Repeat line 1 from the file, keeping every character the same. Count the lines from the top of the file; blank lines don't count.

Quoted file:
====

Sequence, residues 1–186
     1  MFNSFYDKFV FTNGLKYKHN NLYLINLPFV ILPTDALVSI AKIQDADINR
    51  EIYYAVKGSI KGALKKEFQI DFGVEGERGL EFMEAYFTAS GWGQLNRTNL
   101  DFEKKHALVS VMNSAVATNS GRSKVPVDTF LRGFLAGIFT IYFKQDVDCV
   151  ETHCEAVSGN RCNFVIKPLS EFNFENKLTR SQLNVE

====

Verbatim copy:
Sequence, residues 1–186